The California Transportation Commission has allocated approximately $102.7 million to three rail projects that will provide better transit, increase intermodal opportunities and reduce highway congestion.
“We are building transportation improvements that will benefit the state for decades and will also boost job growth in every region of California,” said California Department of Transportation (Caltrans) Director Malcolm Dougherty.
The funds are part of a larger sum of $287 million awarded to 23 projects statewide, covering multiple modes of transportation. These allocations include $259 million from Proposition 1B, a transportation bond approved by voters in 2006. The remaining $28 million in allocations came from assorted transportation accounts funded by state and federal dollars.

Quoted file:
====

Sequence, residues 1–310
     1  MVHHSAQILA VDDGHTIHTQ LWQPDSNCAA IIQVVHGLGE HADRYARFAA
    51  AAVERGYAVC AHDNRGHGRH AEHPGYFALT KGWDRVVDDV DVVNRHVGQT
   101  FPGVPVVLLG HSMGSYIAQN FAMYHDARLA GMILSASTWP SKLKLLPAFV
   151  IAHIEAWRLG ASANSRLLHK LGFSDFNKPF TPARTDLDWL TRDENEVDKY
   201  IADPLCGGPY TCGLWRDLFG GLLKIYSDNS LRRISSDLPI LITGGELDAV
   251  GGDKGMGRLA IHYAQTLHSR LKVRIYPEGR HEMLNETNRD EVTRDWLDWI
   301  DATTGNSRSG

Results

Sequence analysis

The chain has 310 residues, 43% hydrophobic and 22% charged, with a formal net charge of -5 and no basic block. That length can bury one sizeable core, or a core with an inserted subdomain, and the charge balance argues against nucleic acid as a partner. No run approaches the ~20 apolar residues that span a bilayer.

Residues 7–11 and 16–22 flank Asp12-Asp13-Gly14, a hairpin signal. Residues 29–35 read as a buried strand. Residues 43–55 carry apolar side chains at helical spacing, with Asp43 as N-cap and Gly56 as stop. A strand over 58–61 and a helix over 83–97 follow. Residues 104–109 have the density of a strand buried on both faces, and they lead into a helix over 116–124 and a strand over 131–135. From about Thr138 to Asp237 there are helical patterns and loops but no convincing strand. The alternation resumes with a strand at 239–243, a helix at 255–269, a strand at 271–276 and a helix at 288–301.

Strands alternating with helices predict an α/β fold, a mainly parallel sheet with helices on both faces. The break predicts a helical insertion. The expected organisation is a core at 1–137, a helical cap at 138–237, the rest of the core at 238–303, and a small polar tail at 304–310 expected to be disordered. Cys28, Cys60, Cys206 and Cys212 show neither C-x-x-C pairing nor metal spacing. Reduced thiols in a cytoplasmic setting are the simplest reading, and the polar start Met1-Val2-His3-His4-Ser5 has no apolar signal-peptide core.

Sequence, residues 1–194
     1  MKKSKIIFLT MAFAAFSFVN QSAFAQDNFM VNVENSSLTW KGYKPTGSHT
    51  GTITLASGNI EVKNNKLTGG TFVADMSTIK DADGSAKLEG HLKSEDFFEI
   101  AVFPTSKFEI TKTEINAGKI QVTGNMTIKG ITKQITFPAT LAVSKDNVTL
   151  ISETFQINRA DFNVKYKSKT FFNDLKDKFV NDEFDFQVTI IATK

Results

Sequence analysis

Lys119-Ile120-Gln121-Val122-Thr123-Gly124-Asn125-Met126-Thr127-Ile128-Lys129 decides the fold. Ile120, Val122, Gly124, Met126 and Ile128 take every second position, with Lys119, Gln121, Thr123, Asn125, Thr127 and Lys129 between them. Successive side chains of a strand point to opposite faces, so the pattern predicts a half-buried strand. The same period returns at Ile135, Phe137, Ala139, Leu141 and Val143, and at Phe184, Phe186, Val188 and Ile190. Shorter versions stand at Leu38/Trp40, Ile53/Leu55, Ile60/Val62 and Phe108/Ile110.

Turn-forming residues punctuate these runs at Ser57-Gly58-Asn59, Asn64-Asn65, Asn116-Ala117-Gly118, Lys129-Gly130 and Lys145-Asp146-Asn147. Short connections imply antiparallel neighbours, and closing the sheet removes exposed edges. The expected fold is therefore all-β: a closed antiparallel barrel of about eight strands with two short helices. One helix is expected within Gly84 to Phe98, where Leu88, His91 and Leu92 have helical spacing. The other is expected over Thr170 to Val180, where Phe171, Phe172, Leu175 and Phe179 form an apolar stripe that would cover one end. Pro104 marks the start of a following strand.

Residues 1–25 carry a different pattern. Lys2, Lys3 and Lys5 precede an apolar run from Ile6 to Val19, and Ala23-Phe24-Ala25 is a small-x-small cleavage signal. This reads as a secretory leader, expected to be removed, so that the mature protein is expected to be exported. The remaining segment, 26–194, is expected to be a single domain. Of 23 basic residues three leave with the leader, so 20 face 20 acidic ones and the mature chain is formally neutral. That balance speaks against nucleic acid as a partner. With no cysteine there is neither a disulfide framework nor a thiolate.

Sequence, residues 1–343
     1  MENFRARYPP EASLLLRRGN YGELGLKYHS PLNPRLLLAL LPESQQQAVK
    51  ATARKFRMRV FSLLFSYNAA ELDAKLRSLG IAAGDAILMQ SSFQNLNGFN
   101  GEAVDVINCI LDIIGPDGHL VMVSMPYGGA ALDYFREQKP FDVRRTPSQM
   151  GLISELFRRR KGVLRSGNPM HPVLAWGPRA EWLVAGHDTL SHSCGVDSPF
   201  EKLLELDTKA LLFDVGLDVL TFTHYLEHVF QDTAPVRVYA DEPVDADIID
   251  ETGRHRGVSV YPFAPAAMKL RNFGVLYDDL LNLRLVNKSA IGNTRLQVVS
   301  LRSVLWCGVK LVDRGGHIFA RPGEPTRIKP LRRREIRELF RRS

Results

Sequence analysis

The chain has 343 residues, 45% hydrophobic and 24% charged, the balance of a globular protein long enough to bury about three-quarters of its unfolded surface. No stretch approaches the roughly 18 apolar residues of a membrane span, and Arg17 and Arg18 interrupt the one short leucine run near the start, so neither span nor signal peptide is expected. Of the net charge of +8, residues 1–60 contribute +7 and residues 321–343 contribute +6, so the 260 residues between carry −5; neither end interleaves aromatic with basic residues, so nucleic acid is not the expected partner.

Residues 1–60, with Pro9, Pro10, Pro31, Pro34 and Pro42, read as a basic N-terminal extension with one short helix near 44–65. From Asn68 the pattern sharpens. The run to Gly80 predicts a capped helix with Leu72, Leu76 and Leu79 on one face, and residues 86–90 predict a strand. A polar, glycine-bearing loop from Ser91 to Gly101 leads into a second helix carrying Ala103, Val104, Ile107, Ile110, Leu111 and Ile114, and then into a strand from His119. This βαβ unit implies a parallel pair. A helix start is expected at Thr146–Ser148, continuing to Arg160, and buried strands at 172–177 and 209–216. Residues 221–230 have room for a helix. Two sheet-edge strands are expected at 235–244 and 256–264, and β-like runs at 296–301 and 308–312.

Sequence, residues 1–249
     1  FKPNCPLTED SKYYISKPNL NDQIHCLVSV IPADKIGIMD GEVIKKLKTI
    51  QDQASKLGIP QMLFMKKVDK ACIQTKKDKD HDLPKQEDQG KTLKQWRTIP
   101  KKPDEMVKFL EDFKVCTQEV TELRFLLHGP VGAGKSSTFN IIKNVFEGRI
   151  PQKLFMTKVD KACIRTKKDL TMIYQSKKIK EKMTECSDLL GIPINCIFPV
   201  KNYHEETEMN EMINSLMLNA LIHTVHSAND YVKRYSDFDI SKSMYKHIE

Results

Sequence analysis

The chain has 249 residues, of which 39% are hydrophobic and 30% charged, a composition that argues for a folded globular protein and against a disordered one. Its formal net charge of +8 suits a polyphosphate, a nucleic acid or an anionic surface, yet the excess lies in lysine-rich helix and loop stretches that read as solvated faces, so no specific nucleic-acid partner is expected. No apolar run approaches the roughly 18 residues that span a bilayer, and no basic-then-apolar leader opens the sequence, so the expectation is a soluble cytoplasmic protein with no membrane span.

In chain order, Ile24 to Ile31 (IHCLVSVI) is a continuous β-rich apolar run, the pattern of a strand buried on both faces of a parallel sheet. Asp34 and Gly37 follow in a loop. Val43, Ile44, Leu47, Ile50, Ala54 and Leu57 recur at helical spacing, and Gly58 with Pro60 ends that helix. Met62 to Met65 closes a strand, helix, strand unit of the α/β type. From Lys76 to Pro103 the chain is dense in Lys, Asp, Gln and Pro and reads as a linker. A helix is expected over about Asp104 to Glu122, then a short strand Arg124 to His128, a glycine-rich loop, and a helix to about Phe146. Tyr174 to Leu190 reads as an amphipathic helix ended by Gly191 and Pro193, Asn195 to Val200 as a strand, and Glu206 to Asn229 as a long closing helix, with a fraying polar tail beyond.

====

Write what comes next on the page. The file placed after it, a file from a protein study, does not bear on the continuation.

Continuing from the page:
Rail-related projects that received funding include:
• Almeda: $65.8 million to the Metropolitan Transportation Commission (MTC), for the Port of Oakland’s Outer Harbor Intermodal Terminals Project. The project will connect a new 200-car rail yard and build new lead tracks off the Martinez Subdivision near Emeryville Yard, which will become the main entry point for all rail traffic to and from the port.
• San Diego: $25.9 million to the San Diego Association of Governments (SANDAG) for the Southline Rail Improvements – Yard Expansion. The project will provide storage track for 96 additional rail cars and will result in increased safety and reduction of highway congestion by removing up to 31,800 truck trips a year, 96 percent increase in rail throughout annually and a 100 percent increase in daily train operations.
• San Joaquin: $10,974,000 to the San Joaquin Regional Rail Commission for the ACE Stockton Passenger Track Extension. The project includes construction of a 2.57-mile dedicated passenger rail track north of downtown Stockton, interlocking between Union Pacific and BNSF, which will improve train access to station and passenger boarding.